hip-hop as resistance Movers and Shakers for Social Justice Kuumba Lynx: Chicago TeenExpression" Hip-Hop Theatre "Liberation Through Artistic "Liberation Through Artisticto Expression" Kuumba Lynx is committed the lives of youth Kuumba Lynx is committed to the lives of youth using urban art and performance to cultivate using urban art and performance to cultivate strong communities built on a foundation of strong love. communities built on a foundation of love. @kuumbalynx


Sol Patches is a Chicago actor, writer, and rapper who uses they/them pronouns. They began their career in Chicago's theater and poetry scene, and released their first mixtape As2Water Hurricanes at the end of June 2016 on SoundCloud. They are heavily influenced by Chicago's queer latinx and black femme culture through their theater and poetry involvement. @solpatches Kristiana Rae Colón, one of Chicago’s Def Poets, is a graduate student at the School of the Art Institute Chicago. Born and raised in Chicago, she has been writing and performing for six years, and recently produced her first original. She toured Chicago with Grammatical Era and London with the WordWide poetry slam team, which featured at London’s first inner-city youth slam. 19


Amina Norman-Hawkins is an internationally recognized voice of grassroots hip-hop activism. She is a writer, performing artist, filmmaker, and hip-hop practitioner who has spent the past 15 years involved in the preservation of Chicago’s hip-hop culture and community. She is cofounder of Chicago Hip-Hop Initiative & Chicago Hip-Hop Heritage Month, as well as the ‘B-Girl Power’ movement, an international all-inclusive celebration of women in hip-hop. @AminaAyo

Frank Waln, or Oyate Teca Obmani (Walks With Young People), is a Sicangu Lakota rapper. The winner of 3 Native American Music Awards, both alone and with his group Nake Nula Waun. Waln grew up on the Rosebud Indian Reservation and first began listening to hip-hop as a teenager. After dropping out of a pre-med program at Creighton University, where he was a Millennium Scholar, Waln moved to Chicago and began releasing music. His first solo album, Tokiya, is expected to be out at the end of 2017. @FrankWaln @FrankWaln47 Fronted by MC’s Rodstarz, and MC/Producer G1, Rebel Diaz shows the true global power of Hip-Hop. After first performing at an immigrant rights march in New York City in 2006 in front of a half million people, the bilingual crew has taken the international community by storm with their explosive live shows. With influences ranging from Chicago house to South American folk, Rebel Diaz combines classic boom bap tradition with HipHop’s global impact. @RebelDiaz 20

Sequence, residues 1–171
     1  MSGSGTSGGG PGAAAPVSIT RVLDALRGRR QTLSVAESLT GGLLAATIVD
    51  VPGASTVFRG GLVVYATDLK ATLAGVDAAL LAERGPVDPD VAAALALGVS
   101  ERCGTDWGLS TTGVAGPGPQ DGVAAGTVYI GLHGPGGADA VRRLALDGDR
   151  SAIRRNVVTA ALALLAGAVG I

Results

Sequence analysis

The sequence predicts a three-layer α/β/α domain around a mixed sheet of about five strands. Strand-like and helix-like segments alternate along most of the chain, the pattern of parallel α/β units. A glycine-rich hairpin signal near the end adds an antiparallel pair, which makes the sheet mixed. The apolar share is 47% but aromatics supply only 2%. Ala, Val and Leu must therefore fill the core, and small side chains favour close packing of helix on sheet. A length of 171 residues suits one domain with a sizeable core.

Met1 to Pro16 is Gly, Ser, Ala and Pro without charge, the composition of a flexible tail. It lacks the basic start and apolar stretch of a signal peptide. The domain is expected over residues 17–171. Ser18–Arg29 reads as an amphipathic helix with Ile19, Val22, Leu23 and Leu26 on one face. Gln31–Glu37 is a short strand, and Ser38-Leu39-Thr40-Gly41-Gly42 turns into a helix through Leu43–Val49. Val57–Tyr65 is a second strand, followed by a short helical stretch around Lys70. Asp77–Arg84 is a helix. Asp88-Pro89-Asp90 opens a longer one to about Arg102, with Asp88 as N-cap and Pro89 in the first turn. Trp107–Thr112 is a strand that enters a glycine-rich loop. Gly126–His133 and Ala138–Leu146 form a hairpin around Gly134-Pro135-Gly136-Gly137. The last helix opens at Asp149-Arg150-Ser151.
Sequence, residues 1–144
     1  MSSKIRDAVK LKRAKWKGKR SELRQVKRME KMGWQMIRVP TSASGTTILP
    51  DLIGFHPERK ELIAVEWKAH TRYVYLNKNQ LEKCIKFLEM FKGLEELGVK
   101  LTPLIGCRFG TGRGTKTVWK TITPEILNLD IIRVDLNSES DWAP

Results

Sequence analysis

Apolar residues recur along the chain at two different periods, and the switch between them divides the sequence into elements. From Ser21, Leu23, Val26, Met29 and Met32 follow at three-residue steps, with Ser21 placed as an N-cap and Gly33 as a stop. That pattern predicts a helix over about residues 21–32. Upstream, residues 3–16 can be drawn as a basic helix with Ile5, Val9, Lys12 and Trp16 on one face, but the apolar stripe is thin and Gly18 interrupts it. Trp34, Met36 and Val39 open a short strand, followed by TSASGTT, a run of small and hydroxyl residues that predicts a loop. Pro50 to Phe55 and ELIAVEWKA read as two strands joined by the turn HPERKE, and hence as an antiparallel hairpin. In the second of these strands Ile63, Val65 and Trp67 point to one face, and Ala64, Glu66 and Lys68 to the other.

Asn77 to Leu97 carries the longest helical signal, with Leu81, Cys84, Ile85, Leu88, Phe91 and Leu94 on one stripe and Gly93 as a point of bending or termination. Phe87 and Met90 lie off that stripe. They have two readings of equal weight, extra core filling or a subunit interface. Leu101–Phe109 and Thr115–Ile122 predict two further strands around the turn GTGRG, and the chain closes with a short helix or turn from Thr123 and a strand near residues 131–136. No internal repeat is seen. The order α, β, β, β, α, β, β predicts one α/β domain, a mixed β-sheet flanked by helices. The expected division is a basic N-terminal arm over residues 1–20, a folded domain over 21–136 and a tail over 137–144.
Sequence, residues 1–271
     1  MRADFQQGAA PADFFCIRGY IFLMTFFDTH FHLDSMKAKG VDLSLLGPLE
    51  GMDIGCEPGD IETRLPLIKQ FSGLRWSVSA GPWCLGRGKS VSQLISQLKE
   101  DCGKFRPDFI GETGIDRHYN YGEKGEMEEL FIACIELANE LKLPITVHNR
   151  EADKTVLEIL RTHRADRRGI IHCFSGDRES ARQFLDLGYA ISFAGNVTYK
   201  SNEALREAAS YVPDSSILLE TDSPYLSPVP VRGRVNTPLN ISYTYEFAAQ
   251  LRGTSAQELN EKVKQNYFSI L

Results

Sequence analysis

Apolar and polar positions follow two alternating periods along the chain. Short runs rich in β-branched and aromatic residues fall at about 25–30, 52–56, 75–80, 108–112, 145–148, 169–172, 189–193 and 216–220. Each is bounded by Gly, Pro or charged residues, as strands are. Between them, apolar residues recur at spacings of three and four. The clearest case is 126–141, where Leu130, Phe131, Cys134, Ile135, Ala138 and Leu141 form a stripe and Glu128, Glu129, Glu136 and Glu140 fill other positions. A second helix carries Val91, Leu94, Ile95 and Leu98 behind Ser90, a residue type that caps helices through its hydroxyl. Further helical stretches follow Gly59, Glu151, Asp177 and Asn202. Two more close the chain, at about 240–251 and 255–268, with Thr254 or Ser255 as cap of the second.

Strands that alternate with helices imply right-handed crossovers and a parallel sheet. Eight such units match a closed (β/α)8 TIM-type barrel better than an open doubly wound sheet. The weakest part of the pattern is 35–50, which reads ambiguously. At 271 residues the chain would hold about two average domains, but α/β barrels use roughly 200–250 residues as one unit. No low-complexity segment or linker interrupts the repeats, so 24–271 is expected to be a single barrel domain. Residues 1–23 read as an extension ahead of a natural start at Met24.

Aisha Fukushima is a Singer, Speaker, Educator, and ‘RAPtivist’ (rap activist). She founded RAPtivism, a global hip hop project spanning 10 countries and four continents, highlighting the ways culture can contribute to universal efforts for freedom and justice by challenging oppression with expression. She is a multilingual, multiracial African American Japanese woman whose work is influenced by her global upbringing with roots. @aishafukushima

Che “Rhymefest” Smith is a humanitarian hiphop artist, writer, activist, political organizer, and teacher. In 2005, Rhymefest won a Grammy for co-writing the song “Jesus Walks” along with Kanye West. In 2006, he released his critically acclaimed “Blue Collar” album on Clive Davis’s J Records. Through his music, Che has broken glass ceilings and negative stereotypes about hip-hop. Web @RHYMEFEST (El Che) Rhymefest Chance the rapper is an American rapper, singer, songwriter, and record producer, from the West Chatham neighborhood of Chicago. Apart from his solo career, he is also a member of the Chicago collective Save Money, and has worked as the lead vocalist for the band The Social Experiment. They released the widely lauded album Surf in May 2015. @chancetherapper 21

Character building & inspiration If seeking further character sketches, below you will find quotes from artists that share qualities, moods, or traits with the characters in our script.

Cinderella: Missy Elliot I know that some people shy away from what I say. They think it is too blunt, but when you don't give people that, they feel like you are being fake and you're not telling the truth. So it's like, you want me to tell the truth, but when I do, it's too much for you. Music should be your escape. Its funny, because for females in general not just in music, but the corporate ladder as well - anything we do has always been harder for us. When it comes to music, the industry wants you to conform, to look like this and to sound like this and do this or that. It makes it harder. It's harder for us to come out and be bosses and lead the pack.

Chin Chilla: A Tribe Called Quest Your whole appearance is a lie and it could never be true. And if you really loved yourself, then you would try and be you. If you're not honest with yourself, how the hell are you gonna be honest with me? I'm all about the fans.


J Prince: Throwback Kanye I feel like I'm too busy writing history to read it. I refuse to accept other people's ideas of happiness for me. As if there's a 'one size fits all' standard for happiness. I really appreciate the moments that I was able to win rap album of the year or whatever.